No one ever says it’s easy being an artist. If you do hear that, you instinctively know it ain’t so and the speaker is uninformed and not to be trusted.
You start making art and find you have talent at it. You also find you have a passion for making art and want to pursue it. The decision to pursue art on a professional level often puts artists into an identity crisis.
The quandary usually has two sources.
If you are like many artists, you were driven to make art while dealing with self-doubt about your talent and the worthiness of your art. These things can sometimes happen even when you know what you are doing is top notch. A tiny voice sometimes speaks loud and causes hesitation. Your mixed emotions about your art and your future as an artist are sometimes terrible beasts of burden to bear.
If dealing with inner demons aren’t enough, there are also external battles to fight. Maybe you’re lucky and have a supportive spouse, partner or family that believes in you. And, there is never a guarantee of that happening. It’s just as likely you have a scenario where well-meaning and influential people in your life don’t get it. They lack your vision and don’t understand your passion and motivation. They are hard wired left-brainers who fear you are on a path to disappointment and doom. Unfortunately, in some cases, that might describe the best of your naysayers.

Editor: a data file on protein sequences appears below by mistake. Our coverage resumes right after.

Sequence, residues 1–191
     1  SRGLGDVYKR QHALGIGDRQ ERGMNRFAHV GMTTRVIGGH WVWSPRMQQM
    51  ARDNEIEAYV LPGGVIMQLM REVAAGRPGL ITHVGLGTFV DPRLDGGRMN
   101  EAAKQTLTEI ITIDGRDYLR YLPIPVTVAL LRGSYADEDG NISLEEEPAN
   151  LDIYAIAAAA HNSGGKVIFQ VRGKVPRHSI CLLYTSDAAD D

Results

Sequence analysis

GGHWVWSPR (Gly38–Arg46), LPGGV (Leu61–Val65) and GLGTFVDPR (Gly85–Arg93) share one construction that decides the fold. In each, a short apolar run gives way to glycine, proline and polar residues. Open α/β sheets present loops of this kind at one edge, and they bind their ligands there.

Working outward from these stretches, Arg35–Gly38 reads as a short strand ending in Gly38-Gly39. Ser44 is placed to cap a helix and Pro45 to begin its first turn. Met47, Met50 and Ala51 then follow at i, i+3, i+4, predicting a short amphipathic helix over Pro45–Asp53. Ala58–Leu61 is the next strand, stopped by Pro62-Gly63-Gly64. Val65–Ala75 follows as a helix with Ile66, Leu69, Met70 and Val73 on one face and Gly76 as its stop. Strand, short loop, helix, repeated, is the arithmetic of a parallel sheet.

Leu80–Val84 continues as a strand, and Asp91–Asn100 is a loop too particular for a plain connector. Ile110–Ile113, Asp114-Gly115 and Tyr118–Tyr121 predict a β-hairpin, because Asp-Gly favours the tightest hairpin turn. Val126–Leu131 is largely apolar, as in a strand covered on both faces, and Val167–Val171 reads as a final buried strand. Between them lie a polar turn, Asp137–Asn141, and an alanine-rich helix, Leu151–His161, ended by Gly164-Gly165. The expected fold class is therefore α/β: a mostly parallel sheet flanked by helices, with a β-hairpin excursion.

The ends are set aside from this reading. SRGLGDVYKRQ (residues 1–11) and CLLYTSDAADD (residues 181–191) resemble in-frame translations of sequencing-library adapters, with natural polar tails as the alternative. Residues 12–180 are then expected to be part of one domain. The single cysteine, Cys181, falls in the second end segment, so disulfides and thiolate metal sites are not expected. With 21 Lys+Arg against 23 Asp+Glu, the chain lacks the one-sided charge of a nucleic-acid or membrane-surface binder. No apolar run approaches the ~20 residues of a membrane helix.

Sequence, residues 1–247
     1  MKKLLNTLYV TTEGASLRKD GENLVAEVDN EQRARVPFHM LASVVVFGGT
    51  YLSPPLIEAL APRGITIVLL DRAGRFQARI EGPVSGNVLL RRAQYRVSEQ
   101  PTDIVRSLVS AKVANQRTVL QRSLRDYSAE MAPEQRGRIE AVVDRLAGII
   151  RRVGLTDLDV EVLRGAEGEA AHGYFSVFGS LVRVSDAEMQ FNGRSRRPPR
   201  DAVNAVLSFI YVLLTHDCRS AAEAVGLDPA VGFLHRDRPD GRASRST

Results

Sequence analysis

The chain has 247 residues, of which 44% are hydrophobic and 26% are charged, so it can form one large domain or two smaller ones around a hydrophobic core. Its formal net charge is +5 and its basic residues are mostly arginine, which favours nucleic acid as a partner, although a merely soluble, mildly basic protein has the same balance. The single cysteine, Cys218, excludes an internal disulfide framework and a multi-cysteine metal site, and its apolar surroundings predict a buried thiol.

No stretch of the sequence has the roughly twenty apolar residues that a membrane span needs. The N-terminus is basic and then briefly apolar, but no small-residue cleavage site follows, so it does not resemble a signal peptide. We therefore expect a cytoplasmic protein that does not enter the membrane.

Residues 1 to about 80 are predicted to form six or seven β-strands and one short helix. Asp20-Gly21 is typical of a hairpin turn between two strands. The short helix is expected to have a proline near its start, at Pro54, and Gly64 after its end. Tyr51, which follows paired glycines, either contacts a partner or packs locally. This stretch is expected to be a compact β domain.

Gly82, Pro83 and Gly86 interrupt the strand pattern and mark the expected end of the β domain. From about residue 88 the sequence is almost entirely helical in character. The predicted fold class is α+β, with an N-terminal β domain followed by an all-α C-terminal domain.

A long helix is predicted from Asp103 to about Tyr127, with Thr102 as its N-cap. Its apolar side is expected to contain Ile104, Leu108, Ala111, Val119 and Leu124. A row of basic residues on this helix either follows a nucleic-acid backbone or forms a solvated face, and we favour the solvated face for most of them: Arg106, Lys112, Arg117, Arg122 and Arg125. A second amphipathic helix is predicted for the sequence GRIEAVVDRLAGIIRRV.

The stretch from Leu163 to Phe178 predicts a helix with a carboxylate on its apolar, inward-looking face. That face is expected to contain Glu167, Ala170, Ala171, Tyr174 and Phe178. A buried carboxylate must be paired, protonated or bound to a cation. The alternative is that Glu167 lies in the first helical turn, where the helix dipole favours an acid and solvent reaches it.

Whether you have the good fortune not to deal with first-party resistance in your immediate circles or from within, you are far from over the hump. You’re still dealing with buyers, galleries, jurist, show managers, journalists, professors and pundits. And, none of them may get you right away either, or ever. Stories of artists of every stripe who have been rejected are in abundance – and fortunately, there are many stories of artists who pushed past the obstacles and rejections to go on and enjoy a fruitful career.
It is evident you need a tough skin with great perseverance and persistence to overcome the negativity around you, and even within you. Sure, there always seem to be examples of some lucky person who get it all, confidence, charisma, talent and big breaks. I think instances like that are more myth than reality. What’s important is that even if it’s real, it’s someone else’s story. So other than other providing inspiration or aggravation depending on your reaction, those stories add nothing to your journey.
Steven Pressfield, in his excellent and highly recommended book The Art of War – Break Through the Blocks and Win Your Inner Creative Battles, urges his readers to embrace their creativity and to fulfill their potential as humans and as artists. He sums up all the ways we don’t work at doing this fulfillment as Resistance with a capital “R”.
I’ve experienced plenty of self-induced Resistance in my life. I’ve battled back and gotten ahead and then fallen back in some vicious loop. Ultimately, I broke through and created a credible, exciting plan for my professional future. It was never easy and still isn’t.
The plans I’m working now are more complex and challenging than anything I’ve ever done. Despite that, I can’t wait to get to work every day because I’ve never done anything that remotely rivals how rewarding and motivating what I’m doing now is.